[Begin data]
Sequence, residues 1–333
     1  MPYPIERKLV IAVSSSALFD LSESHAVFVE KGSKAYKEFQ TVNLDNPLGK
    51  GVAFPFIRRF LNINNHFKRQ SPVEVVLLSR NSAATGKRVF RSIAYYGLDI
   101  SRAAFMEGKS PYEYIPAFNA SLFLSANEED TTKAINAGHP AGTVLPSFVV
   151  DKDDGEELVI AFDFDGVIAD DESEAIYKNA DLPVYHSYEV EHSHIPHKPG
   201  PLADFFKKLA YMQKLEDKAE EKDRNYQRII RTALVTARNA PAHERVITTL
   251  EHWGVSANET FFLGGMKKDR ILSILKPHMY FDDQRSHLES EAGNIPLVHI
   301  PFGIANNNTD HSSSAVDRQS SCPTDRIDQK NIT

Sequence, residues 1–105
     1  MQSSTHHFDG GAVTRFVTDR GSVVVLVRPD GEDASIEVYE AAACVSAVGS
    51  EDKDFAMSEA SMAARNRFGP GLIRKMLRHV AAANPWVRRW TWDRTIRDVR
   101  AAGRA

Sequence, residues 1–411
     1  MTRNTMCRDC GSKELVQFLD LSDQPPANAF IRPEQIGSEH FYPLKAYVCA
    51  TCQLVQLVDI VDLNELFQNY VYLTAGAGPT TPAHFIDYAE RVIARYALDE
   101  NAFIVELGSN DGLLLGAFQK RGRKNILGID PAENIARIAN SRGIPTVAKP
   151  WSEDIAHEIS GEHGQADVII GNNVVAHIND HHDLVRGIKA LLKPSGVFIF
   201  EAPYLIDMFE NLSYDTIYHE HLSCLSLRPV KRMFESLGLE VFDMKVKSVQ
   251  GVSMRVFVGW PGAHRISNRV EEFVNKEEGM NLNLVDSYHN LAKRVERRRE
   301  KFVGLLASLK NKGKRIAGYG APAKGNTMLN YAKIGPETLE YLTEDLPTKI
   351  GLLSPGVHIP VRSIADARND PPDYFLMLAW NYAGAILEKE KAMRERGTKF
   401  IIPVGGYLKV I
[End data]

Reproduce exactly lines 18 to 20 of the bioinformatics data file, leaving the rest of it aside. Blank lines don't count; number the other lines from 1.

   201  EAPYLIDMFE NLSYDTIYHE HLSCLSLRPV KRMFESLGLE VFDMKVKSVQ
   251  GVSMRVFVGW PGAHRISNRV EEFVNKEEGM NLNLVDSYHN LAKRVERRRE
   301  KFVGLLASLK NKGKRIAGYG APAKGNTMLN YAKIGPETLE YLTEDLPTKI